Paleons are a band from Eugene, Oregon. What sort of band they are is a more complex question. That is because their dark and intense music exists outside of any particular genre. Regular readers will know that these are the bands that I like the most. The ones that you can’t quite pin down. The ones that plough their own very distinct furrow. The ones that you really have to think about when you listen to them. Paleons are all these things, and then fulfil further criteria of being heavy when they need to be, and pepper their music with melodies and meditative moments that challenge and inspire in equal measure.
As far as I can see ‘Hyperborean’ is Paleons’ third album and, to me, it is the sound of a band that are growing and moving forward. Here Mark Leahey Jr., the band’s founder and songwriter, has found a sweet spot that he has seriously exploited. Opening with ‘Moon Dragon’, a track that owes much of its provenance to post-rock Constellation bands. It has that lovely lilting melancholy to it, the sort of melody that requires no words to express its meaning as it builds towards a dramatic and slightly fractured conclusion.
Suitably settled in ‘The Circle and Eternity’ begins in a similar vein, but it isn’t long before Paleons explode out of this shell scattering sonic shrapnel out through the speakers. Elements of stoner and prog fight for the upper hand as we the listener begin to realise the ambition of this album. There’s heavy riffs pinging about like a wrecking ball in a solid granite pinball machine and then…bang on five minutes in…all hell breaks loose…wow…what a ride. This is a real blockbuster of a track as the rhythm section pounds out the beat and just keeps on changing up through the gears. I’m exhausted and we’re only half way through as the band let go again and again. I want it to stop…I don’t want it to stop…it stops! And that’s the thing, Paleons could have easily ground on to the end, but they come out of hyperdrive, change the whole tone of the proceedings and in the process create something far more interesting, ramping up again without going back to the same place.
Then it’s straight into ‘Wheel of Anguish’ with its solid guitar licks, but with a mariachi trumpet just far enough up in the mix to once again defy expectations, an additional layer which takes this album way above much of the sludgy run of the mill stoner rock. Same with ‘Sun at the Eastern Gate’ with its atmospheric violin arrangement standing out, at once a harking back to some classic Godspeed You! Black Emperor sounds but taking the idea to a different place. Not homage but much more of an interpretation of that sort of intense post rock and, again towards the end, taking the track to a completely different place. This album is so full of ideas…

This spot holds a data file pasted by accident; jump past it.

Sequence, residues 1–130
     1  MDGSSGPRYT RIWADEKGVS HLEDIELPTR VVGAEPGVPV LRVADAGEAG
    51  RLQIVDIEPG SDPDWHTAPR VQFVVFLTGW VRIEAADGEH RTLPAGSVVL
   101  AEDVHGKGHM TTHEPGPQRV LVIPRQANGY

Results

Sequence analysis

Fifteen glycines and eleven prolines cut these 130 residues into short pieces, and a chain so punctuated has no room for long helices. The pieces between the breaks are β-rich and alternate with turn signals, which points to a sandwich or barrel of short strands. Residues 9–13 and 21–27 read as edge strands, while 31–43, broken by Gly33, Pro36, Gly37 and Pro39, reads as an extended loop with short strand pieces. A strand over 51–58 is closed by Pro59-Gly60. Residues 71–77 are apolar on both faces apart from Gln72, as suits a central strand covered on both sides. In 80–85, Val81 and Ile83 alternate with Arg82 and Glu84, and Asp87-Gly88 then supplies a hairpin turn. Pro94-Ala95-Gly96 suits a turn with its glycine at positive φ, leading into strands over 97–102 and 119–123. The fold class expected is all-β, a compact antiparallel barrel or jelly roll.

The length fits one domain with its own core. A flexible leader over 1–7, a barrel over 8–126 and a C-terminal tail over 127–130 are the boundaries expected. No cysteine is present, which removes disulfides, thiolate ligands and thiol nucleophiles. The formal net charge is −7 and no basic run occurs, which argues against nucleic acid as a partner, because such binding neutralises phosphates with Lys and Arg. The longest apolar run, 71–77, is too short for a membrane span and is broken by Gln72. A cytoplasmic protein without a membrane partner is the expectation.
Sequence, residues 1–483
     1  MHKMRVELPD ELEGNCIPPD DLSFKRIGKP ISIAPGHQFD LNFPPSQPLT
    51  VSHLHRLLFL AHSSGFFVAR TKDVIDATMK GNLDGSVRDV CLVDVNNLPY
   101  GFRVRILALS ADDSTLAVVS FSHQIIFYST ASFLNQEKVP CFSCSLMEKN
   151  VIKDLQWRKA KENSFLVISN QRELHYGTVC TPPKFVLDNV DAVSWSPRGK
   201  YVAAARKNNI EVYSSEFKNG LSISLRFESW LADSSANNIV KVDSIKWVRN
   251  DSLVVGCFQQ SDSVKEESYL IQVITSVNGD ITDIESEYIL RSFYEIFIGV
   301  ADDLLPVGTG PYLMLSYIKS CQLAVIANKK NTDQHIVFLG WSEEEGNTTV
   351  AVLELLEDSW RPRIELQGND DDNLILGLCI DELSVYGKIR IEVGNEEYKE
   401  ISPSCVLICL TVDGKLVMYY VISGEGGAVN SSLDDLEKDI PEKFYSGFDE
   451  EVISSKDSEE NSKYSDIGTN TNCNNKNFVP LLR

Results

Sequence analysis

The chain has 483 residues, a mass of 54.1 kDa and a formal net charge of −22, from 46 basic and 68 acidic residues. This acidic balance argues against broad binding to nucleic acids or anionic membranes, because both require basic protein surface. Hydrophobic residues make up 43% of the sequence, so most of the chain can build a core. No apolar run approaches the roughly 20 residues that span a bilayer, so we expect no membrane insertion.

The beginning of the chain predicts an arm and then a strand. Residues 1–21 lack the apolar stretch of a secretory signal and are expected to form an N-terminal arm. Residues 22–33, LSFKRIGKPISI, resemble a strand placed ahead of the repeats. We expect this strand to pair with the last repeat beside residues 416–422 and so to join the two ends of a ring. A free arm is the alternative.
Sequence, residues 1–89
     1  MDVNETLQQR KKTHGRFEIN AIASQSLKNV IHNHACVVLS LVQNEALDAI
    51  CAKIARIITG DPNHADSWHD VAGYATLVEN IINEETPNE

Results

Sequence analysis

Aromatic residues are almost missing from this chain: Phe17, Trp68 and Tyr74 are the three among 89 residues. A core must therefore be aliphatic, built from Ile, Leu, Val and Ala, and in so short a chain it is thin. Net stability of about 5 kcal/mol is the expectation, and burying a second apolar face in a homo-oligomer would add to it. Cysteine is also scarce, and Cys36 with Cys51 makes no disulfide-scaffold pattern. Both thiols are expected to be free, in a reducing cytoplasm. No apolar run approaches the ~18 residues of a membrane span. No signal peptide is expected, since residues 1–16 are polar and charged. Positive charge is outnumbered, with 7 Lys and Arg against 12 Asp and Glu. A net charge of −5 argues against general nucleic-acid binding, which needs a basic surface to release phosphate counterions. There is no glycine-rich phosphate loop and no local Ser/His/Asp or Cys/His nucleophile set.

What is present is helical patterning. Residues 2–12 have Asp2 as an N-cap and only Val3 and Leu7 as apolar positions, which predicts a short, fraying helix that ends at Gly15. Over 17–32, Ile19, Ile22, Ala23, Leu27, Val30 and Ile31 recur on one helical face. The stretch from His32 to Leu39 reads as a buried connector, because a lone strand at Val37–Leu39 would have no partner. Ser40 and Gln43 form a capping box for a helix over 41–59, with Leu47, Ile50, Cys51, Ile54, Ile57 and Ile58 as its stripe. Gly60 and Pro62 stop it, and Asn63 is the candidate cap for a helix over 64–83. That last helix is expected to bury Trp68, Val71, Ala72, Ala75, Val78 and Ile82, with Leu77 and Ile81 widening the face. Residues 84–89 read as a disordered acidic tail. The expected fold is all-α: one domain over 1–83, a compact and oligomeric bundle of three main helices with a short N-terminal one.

After that ‘The Tree of Pansophia’ sees the album slowing down and taking stock. Initially, at least, there is more space to the music, a time to reflect and a time to breathe; and while there are moments of greater intensity this seems to be the track that provides a welcome respite from the vigour of this album. Paleons don’t always play fast but they never hang about on one moment. ‘Andromeda, Tomb of the Sun’ is different again with an increasingly fierce repeating beat that at times threatens to tip over the edge as the band thrash out what comes closest to being a psych number. Notice too how the violin is used sparingly but effectively.
With ‘Urizen’ we’re back to the Constellation bands for a freaky intro before heading off into something really folky and almost joyous as the gloom within the track lifts and you get a sense of the flourishing of previously stifled growth. It’s like a celebration at the end of a long quest as the trumpet sears triumphantly through the bucolic sonic patterns. In many ways this feels at odds with the rest of the album, far more open and optimistic…almost anthemic.
It is certainly a real contrast to return to the stoner intensity of ‘Quicksilver Snake’, a slab of solid rock that is as unyielding as it is cogent. A clear and definite end to an album that is full of surprises and one that you’re never quite sure which way Paleons will go next.
I really took to this album on my first listen because I could see that this was something that had been thought through and executed with a laser guided eloquence that marks it out as something both different and interesting. ‘Hyperborean’ is a set of tracks that sing to you even though there is no vocal, and that’s a bit weird because I didn’t really realise that until the end. Sure much of the music I listen to is instrumental but this has something intrinsic within it that gave me the feeling that there was, and each time I’ve listened to it I’ve come away with something quite tangible. That on its own is reason to put it on again.
‘Hyperborean’ is available on CD and download at the Paleons’ bandcamp page here. A vinyl edition is currently being pressed and is available to pre-order from the same place.